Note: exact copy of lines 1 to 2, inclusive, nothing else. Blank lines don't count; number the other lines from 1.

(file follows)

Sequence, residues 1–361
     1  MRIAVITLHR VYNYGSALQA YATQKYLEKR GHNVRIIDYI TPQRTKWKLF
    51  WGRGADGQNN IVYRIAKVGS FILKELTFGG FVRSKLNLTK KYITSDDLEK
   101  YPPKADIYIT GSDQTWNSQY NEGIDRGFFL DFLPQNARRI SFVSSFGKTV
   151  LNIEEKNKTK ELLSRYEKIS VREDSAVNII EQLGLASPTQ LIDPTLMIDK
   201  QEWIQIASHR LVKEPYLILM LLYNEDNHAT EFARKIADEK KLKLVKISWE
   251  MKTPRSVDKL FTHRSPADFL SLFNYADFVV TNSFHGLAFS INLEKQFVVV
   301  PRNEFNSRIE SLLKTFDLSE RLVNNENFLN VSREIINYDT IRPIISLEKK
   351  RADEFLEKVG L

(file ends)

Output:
Sequence, residues 1–361
     1  MRIAVITLHR VYNYGSALQA YATQKYLEKR GHNVRIIDYI TPQRTKWKLF